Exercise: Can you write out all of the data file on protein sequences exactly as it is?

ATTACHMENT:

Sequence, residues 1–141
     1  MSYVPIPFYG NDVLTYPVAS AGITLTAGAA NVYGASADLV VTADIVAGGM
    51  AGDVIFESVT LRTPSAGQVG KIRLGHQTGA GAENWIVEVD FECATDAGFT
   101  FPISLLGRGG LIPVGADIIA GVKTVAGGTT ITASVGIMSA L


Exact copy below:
Sequence, residues 1–141
     1  MSYVPIPFYG NDVLTYPVAS AGITLTAGAA NVYGASADLV VTADIVAGGM
    51  AGDVIFESVT LRTPSAGQVG KIRLGHQTGA GAENWIVEVD FECATDAGFT
   101  FPISLLGRGG LIPVGADIIA GVKTVAGGTT ITASVGIMSA L